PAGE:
Butterflies are delicate and beautiful but they are also important to our ecosystem as pollinators. Amateur photographer Briggs Geister takes the occasional photo of their beauty on her daily walks. Last month I introduced you to her wonderful photography last month with Briggs' Bees. Now I will share her butterflies and tell you a tale of what one type of butterfly means to me.
Briggs takes all of her wonderful photos with her iPhone. She has always been an amazing artist, no matter what medium she was working with. She is an old friend of mine. I have known her since grade school. We also went to junior high together at the same school where my father taught industrial arts and math.
It was 19 years ago this month that my father passed away after a long battle with a rare and devastating brain disorder called Progressive Supranuclear Palsy. This is the same disorder that actor Dudley Moore had at the end. The disease locks the mind away inside of an increasingly unusable body. Because of this it was something of a relief when Dad finally passed away, as well as a devastating loss.
It was late afternoon when Dad passed and the mortuary van came to take him away. My stepmother and I stood on the steps of their home watching as his body was being loaded into the small truck. Suddenly a beautiful tiger swallowtail butterfly came flying out of the north. It paused to circle over Dad three times before continuing on its journey south.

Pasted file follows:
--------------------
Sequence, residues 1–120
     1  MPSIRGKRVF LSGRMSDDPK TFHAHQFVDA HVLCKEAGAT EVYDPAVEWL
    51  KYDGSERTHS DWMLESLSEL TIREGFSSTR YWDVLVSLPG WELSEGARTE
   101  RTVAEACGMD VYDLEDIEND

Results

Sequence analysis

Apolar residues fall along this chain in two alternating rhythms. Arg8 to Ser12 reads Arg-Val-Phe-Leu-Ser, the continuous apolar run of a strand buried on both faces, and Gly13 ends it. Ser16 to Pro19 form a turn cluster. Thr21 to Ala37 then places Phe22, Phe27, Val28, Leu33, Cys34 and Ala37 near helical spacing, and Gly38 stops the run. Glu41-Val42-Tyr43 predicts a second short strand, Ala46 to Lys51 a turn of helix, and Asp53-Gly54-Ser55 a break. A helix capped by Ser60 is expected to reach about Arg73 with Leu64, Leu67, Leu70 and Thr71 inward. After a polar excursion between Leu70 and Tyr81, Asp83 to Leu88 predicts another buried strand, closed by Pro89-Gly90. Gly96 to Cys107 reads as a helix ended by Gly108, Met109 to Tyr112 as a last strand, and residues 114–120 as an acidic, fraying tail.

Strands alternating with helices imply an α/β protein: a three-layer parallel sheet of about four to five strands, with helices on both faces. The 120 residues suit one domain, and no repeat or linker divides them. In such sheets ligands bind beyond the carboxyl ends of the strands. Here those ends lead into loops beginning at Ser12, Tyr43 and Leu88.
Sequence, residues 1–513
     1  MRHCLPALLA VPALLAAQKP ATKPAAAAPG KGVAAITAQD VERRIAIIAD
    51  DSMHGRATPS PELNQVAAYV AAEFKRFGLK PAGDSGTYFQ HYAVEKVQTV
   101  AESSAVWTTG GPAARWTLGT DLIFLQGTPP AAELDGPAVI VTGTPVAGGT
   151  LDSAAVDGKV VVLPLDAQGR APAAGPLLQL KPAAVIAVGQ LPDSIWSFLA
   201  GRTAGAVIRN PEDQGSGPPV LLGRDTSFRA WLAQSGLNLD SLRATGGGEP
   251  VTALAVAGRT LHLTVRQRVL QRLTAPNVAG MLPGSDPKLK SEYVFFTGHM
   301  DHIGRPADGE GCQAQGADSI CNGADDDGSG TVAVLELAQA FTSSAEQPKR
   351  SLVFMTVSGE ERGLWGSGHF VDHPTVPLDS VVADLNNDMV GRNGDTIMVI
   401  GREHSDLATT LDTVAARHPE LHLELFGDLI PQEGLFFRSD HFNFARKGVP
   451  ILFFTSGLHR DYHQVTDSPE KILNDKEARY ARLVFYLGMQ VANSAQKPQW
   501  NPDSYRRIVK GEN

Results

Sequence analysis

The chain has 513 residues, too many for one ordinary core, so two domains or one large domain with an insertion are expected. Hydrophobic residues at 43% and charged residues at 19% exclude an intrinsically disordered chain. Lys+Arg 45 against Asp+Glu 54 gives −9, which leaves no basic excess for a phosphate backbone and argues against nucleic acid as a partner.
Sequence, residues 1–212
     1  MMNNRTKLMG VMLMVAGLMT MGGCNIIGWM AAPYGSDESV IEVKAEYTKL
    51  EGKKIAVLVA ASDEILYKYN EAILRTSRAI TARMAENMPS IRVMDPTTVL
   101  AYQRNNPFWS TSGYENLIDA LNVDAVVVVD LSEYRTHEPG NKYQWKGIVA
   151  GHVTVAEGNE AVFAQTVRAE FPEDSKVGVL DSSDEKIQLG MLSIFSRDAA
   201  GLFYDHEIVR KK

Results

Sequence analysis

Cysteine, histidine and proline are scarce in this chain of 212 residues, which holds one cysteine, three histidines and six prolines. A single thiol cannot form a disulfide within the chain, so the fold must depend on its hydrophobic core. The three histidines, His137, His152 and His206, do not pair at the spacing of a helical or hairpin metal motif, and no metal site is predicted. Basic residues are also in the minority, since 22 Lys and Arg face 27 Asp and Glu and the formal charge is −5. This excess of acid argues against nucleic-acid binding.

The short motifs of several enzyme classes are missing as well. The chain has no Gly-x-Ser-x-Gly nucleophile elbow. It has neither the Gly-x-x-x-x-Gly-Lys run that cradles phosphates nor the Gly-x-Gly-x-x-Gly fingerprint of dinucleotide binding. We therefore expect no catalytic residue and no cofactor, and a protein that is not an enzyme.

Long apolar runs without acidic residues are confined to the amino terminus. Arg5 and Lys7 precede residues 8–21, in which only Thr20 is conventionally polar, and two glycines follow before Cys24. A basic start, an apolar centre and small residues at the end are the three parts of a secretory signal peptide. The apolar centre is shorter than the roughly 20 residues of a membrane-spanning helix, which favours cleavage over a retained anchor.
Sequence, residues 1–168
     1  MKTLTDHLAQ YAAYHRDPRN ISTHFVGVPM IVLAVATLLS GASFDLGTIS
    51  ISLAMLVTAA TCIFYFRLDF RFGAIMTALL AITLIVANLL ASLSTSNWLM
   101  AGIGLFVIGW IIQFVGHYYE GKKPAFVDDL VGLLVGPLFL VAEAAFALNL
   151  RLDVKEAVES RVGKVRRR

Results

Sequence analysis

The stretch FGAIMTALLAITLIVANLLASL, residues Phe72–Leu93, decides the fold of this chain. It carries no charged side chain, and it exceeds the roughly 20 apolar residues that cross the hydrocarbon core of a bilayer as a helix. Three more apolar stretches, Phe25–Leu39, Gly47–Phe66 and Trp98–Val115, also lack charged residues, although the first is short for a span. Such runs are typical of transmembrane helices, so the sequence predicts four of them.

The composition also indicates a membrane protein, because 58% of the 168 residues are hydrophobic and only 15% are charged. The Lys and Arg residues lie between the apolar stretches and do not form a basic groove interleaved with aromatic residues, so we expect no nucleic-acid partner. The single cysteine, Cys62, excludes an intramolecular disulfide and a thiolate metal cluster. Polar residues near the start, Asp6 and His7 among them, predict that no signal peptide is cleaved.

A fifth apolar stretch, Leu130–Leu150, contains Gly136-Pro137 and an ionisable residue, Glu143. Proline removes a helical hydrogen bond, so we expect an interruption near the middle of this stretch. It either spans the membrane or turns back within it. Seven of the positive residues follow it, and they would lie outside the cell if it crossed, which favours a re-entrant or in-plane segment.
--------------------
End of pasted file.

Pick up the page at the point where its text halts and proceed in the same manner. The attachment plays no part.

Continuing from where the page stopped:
The moment and its obvious symbolism took my breath away. Butterflies are the symbol of transformation and the number three has long been a sacred number for humans -- including the Christian Trinity. It was a message that Dad had made it safely to the other side.
The story doesn't end there. Dad was not done yet. He still had another chapter to "live." He had donated his body to the University of Colorado Medical School to be a teaching cadaver. The man who had spent much of his life teaching had chosen to continue teach even in death. Because of this it takes more than a year to receive your loved one's remains back for interment or cremation.
Once a year the school holds a memorial service for the families of those who were donated. This occurs in a beautiful little courtyard of the school. My stepmother and I were sitting in the crowd listening to the speeches being given by medical students and live music. When what to our wondering eyes should appear but a tiger swallowtail butterfly that circled over the crowd three times before flying away.
Again the message that this part of his journey had been completed. I don't see a lot of these butterflies around here, but when I do it seems to be a message to me that Dad is still around me in spirit. I still miss you Dad!
Photos by Briggs Geister, used by permission.
For more information on Progressive Supranuclear Palsy, click here.